Gene Ontology enrichment analysis

We combined TWAS results with gene expression profiling results to identify common genes for stroke. The candidate genes were then input into DAVID (https://david.ncifcrf.gov/home.jsp), a widely used tool for GO enrichment analysis. A primary enrichment P value was calculated for each GO term using DAVID. Significant GO terms were identified at P < 0.05.

Results

The primary results for TWAS analysis were presented in Fig. 1. The distribution presented some inflation (λ = 1.13) of obtained versus expected results under the null hypothesis (Fig. S1). This was probably because the TWAS computed multiple models for each gene and outputted the statistics of the best performing model. In total, 11,826 tissue-specific features of gene expression were tested in the summary-based TWAS approach. After calculation, we identified 515 transcriptome-wide significant gene-stroke features (PTWAS < 0.05 and Ppermutation < 0.05) for 446 unique genes, including 58 genes that were significant in more than one panel (Table S1). The top 10 tissue-specific genes are summarized in Table 1. SLC25A44 and LRCH1 were the only two genes passing the Bonferroni correction threshold (P < 0.05/11,826) for all gene-stroke features, which implied that they were strongly associated with stroke. In order to cover more possible candidate genes, we also reported genes passing the transcriptome-wide significant threshold (P < 0.05) for integrative analysis.

Manhattan plot showing genes associated with stroke.

Figure 1: Manhattan plot showing genes associated with stroke.

The dashed line shows the threshold for Bonferroni correction (P = 0.05/11,826).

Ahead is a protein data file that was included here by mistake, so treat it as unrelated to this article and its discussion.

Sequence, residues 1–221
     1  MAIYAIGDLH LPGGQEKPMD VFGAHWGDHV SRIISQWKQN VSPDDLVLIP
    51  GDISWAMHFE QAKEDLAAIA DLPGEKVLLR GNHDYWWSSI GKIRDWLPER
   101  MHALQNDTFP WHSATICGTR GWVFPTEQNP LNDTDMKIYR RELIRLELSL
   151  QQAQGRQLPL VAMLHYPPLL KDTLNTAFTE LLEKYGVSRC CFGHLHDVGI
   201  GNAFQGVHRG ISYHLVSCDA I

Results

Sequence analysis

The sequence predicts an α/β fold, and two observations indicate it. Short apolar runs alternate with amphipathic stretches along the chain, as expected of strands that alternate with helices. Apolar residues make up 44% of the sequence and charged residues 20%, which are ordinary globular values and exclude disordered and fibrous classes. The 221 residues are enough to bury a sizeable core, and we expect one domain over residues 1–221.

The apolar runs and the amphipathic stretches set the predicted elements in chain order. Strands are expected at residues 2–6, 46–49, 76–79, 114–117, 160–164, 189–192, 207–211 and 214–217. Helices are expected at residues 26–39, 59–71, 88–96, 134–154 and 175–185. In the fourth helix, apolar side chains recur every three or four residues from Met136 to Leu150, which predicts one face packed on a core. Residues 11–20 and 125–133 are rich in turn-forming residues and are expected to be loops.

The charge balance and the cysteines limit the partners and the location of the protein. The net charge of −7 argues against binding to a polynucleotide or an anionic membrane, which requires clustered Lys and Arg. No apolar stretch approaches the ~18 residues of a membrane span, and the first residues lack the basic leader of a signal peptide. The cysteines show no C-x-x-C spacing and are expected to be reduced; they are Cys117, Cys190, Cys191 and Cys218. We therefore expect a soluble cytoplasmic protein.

Table 1:
Top 10 significant tissue-specific genes identified by TWAS.
Gene Chromosome Z-score PTWAS Ppermutation Tissue
SLC25A44 1 6.2053 5.46E−10 0.00671 Adipose (METSIM)
LRCH1 13 −4.8058 1.54E−06 0.01153 Adipose (METSIM)
FLJ44606 5 4.3540 1.58E−05 0.01150 Peripheral blood (NTR)
PLEKHA1 10 −4.3171 2.39E−05 0.00499 Adipose (METSIM)
ZNF318 6 4.2252 7.04E−05 0.01974 Peripheral blood (NTR)
CD40 20 3.9748 7.67E−05 0.00376 Adipose (METSIM)
FES 15 −3.9545 8.06E−05 0.00515 Adipose (METSIM)
RERE 1 −3.9425 9.77E−05 0.00566 Peripheral blood (NTR)
SLC25A29 14 3.8962 1.15E−04 0.00100 Adipose (METSIM)
LARS 5 3.8558 1.24E−04 0.02459 Adipose (METSIM)
DOI: 10.7717/peerj.7435/table-1
Table 2:
List of overlapping candidate genes recognized by the integrative analysis of TWAS and gene expression profiling.
Gene CHR PTWAS PmRNA
METSIM NTR YFS
CISD1 10 0.00357 / / 0.0055
RHOU 1 / / 0.00375 0.0276
TM6SF1 15 0.0136 / 0.00586 0.0452
TP53RK 20 / / 0.00803 0.0205
CLDN5 22 / / 0.00804 0.0008
NFKBIA 14 / 0.00957 / 0.0114
MRVI1 11 0.00997 / / 0.0359
ZNF667-AS1 19 0.01025 / / 0.0019
WDSUB1 2 / 0.01414 / 0.0153
WSB1 17 0.04353 / 0.01501 0.0348
TPM1 15 / 0.01590 / 0.0302
GOLGA8A 15 / / 0.01704 0.0062
TIPARP 3 0.02357 / / 0.0095
VRK2 2 / / 0.02953 0.0211
TOR1AIP1 1 / 0.0339 / 0.0051
BARD1 2 0.03580 / 0.04980 0.0019
BAG5 14 / 0.03791 / 0.0410
VASH1 14 0.04918 / 0.03802 0.0239
PDIA6 2 / / 0.04136 0.0031
DOI: 10.7717/peerj.7435/table-2

We then compared transcriptome-wide significant genes identified by TWAS with the differentially expressed genes identified by gene expression profile analysis. Finally, 19 genes within 23 tissue-specific gene-stroke features were detected (Table 2). There were more shared genes (10/19) detected in the expression panel of the YFS with expression profiling. This may be because the expression profiling was performed using tissues similar to those used in YFS. In addition, four candidate genes showed transcriptome-wide significance in more than one panel.